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The Whole World is Watching (Still)

A Flash Review of Aaron Sorkin's The Trial of the Chicago 7


Hailey Nicole Warner

Disclaimer: I am part of Generation Z. We are characterized by our narcissism, entitlement, and our instant-gratification dependency. We have never been drafted, we’ve never ducked under desks for bomb drills (school shooter drills though—plenty of those), and we’re on track to become the most educated generation yet. Before Covid-19, we were set to escape the economic sludge that slicked the millennial’s trajectory, but now so much is unclear, and many of us are calling bullshit on the whole thing.

The Trial of the Chicago 7 is a dramatization of the court case that followed the anti-Vietnam protests in Chicago during the 1968 Democratic Convention. In the film we see Chicago Police hide their badges. We see them teargas and attack protesters. We see military-grade force and walls of rifles. Police administer beatings like it’s personal.

What’s changed? It looks like nothing. Half a century later we’re protesting the institution of policing itself. The chant “No justice, No peace, Abolish the police” is our defining call, meaning: we cannot trust or accept an institution born of violence that values property over people.

The chant popularized during the anti-Vietnam war protests “The Whole World is Watching” mirrors the anticipation and urgency that’s radicalized folks of all ages over the past six months, but we feel distant from those who demonstrated in Chicago. Sometimes, especially when you’re young, it’s easy to think of slow-moving change as stagnant time—this is not true, of course. Without the framework given to us by previous generations of organizers and civil rights activists, we’d be lost. Perhaps it’s historical parallels that generate our sense of urgency. Peace and love is dead; we want radical change.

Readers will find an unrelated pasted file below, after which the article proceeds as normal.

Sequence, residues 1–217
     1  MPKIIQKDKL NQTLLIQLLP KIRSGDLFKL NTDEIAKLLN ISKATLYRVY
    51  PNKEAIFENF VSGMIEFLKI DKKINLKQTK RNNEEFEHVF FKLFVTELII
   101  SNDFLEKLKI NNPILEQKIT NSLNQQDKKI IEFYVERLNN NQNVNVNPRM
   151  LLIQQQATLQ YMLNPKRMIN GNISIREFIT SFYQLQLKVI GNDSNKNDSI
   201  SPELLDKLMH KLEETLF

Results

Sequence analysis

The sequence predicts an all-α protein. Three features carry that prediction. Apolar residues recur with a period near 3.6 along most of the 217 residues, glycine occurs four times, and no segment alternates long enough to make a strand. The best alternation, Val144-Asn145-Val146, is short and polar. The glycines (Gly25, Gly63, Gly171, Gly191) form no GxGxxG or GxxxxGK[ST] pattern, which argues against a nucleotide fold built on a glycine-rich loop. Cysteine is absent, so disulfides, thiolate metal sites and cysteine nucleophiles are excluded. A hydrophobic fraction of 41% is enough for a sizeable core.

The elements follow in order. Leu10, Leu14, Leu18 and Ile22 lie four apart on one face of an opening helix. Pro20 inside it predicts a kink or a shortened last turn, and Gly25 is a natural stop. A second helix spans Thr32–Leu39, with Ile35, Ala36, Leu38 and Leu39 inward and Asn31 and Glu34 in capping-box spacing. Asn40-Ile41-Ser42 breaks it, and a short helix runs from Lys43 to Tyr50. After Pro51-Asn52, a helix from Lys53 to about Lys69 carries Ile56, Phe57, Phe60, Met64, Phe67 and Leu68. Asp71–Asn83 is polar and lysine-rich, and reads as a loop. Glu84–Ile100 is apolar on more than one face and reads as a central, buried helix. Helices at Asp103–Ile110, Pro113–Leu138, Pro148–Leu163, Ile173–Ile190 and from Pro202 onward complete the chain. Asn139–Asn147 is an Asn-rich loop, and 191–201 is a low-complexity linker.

This year, protestors showed out with a force that hasn’t been seen on the streets since the 1968 Democratic convention. Their message: Fuck your property. Stop killing black people.

It’s important to note that before the convention, protests erupted nationwide in response to the murder of Martin Luther King. These went on for weeks. Months. The demonstrations in Chicago lasted only two days. But they accomplished a lot: 11 deaths, 500 injuries, and 2,150 arrests. What else? I’m not sure. The trial woke up the country, I guess. The sight of Black Panther Bobby Seale bound and gagged was hard to erase from people’s minds.

broken image

But here we are again. History has made our generation lose hope that the system will ever work the way we need it to. For many 18-23 year olds, this year’s candidates aren’t all that different from each other. (We’ll still vote, don’t worry.) But we’re tired of being told that change is a slow burn. (Who said that, anyway?)

In the beginning of The Trial of the Chicago 7, Tom Hayden said to a group of students, “When it comes to social justice and the war, there’s simply not enough of a difference between Hubert Humphrey and Richard Nixon.” Biden’s policies look good—no more corporations profiting on incarceration, no more criminalizing poverty, clemency for drug charges, police accountability—but how can we forget his past?

Whether or not Biden makes good on his promises, or if the unimaginable happens and Trump gets re-elected, this generation, America’s most ethnically diverse, will be pushing radical ideas to the mainstream. I don’t know if we want to be seen, but if the world is watching, we hope you’re excited, and if not, we hope you’re terrified.

Hailey Nicole Warner is a senior majoring in creative writing at San Francisco State University. She is interning at Journal of the Plague Year. She was born in Paradise, California. (Yes, the Paradise that was incinerated in the Camp Fire.)

The Whole World is Watching: The Strategy of Mass Protest

Hailey's Playlist

Down With the Clique :: Solange

Noname :: Song 32

Love :: Always See Your Face

Brian's Playlist

Somebody Is Watching ::: Pop Staples

Down By The Riverside ::: Ollabelle

Illuminati ::: Sarkodie

American Dream ::: JS Ondara

Fear Itself ::: Loudon Wainwright III

Martial Law ::: Lou Reed

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